by John Bowen
The deadline is approaching for application for this year’s First Amendment Press Freedom Award (FAPFA). If your staffs have received a Pacemaker or Gold Crown, FAPFA is the next logical step in recognizing journalistic excellence and practice of First Amendment guarantees.
by John Bowen
Lessons of Kristallnacht go beyond the history books
by Stan Zoller
Imagine if you will, that one day your administration comes in and without cause, dismantles your journalism classroom, publication office, and burns every copy of your newspaper and yearbook.
Then, without provocation or notice, the administration corralls your student media staff and yourself and threatens you with termination and your students with expulsion.
All because of who you were and the fact that you and your students advocated and used a voice.
Sure it does.
But in fact it has happened.
Monday, Nov. 10, was the 75th anniversary of ‘Kristallnacht,’ often referred to as the “Night of Broken Glass.” The events of Nov. 9 – 10 were an effort by the Third Reich to round up and arrest more than 30,000 Jews and destroy as much of the property as possible. In addition to destroying homes and personal property, synagogues were targeted as well as their contents.
While Kristallnacht is often connected to broken glass, a focus of the attacks was on the books by Jewish authors. Fires raged throughout Germany as books were burned.
For those journalism educators who teach J-1, a primary lesson focuses, of course, on the First Amendment. Freedom of religion, speech, press, assembly and petition. How simple is that? And how many times has a young journalist rolled their eyes as they strain to remember them.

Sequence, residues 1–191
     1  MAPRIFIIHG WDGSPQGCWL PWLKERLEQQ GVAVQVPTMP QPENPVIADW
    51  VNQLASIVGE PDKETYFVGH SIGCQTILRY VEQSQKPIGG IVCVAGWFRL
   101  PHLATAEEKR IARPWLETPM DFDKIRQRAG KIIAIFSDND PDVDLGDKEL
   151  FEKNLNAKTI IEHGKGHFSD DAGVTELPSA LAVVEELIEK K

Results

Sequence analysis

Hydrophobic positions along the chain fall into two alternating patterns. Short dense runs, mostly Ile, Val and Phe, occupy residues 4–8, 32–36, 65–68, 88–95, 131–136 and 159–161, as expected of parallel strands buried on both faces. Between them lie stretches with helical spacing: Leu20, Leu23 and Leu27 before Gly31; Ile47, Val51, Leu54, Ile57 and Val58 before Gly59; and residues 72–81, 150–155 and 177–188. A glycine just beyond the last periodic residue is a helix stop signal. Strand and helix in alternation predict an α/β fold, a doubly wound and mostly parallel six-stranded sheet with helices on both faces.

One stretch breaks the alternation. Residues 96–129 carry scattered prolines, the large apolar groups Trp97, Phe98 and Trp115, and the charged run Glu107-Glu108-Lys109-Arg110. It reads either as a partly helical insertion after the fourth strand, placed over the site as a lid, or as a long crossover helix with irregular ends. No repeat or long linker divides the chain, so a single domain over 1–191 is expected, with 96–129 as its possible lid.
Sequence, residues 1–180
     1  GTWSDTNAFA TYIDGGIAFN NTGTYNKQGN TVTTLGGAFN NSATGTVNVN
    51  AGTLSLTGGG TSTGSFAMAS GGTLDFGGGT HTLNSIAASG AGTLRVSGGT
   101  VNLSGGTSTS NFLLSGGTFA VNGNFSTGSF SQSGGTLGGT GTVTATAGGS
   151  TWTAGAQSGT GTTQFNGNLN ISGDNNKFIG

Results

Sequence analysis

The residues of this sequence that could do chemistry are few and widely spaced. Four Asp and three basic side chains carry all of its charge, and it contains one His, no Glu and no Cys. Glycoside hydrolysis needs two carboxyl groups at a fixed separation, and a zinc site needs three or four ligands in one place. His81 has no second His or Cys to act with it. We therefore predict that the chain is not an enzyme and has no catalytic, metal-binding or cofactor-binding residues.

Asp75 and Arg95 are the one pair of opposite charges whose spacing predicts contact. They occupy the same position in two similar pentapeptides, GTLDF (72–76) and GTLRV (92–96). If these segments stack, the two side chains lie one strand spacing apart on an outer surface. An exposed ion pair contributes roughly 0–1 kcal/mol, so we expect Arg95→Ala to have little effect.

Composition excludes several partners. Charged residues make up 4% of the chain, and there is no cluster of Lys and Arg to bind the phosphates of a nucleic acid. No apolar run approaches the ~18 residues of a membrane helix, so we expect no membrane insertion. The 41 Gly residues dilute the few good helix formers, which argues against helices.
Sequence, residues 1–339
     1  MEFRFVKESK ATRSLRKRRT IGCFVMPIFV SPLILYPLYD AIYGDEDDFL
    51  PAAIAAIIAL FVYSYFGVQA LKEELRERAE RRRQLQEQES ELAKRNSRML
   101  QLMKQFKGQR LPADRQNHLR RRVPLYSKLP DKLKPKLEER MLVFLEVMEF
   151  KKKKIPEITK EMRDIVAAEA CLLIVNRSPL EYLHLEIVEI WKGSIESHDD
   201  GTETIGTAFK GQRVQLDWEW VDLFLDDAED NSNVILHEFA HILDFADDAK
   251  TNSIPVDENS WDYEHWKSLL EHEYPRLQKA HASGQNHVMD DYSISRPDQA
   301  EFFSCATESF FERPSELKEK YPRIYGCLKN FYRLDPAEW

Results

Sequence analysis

It’s easy to forget when there are other things to do – like Tweet, eat, and, of course, meet a deadline.
It’s easy to forget when we are fortunate to have freedom of expression, even if it’s challenged by an overzealous administration.
But the reality is that we can’t forget, which is why Holocaust awareness efforts often include the phrases ‘Never Forget’ or ‘Never Again.’
Cynics will say it’s a “Jewish thing” and an isolated case, but if you take a deep breath and look what at transpired after Kristallnacht, it was more than a “Jewish thing.”
Perhaps as a devout and practicing Jew I am more sensitive to the horrors of the Holocaust and the events leading up to it. Like Kristallnacht.
But I am a career journalist and a journalism educator, so I have had the luxury to practice what the Germans tried to take away 75 years ago.
The images and stories of Kristallnacht are chilling, as are most stories associated with the Holocaust. It’s the lessons, however, that we need to take away.
The intent of Kristallnacht, historians say, was to silence the Jews, eradicate their freedom of expression, destroy their freedom of speech, keep them from assembly, let alone their right to petition. As for the freedom of the press – nonexistent.
Nazi Germany did not have First Amendment rights. Imagine if you will, what life would be like in the United States if we did not have First Amendment rights.
Imagine if you will, coming to school and facing the chaos of a Kristallnacht. You probably can’t. The lessons associated with the First Amendment need to go beyond rote memorization. Students, whether in a journalism class or civics class need to understand what life would be like if we did not have First Amendment rights. They also need to imagine what it would be like if prior review and prior restraint were government mandated daily routines to silence student voices and reprimand those who taught students to have that voice.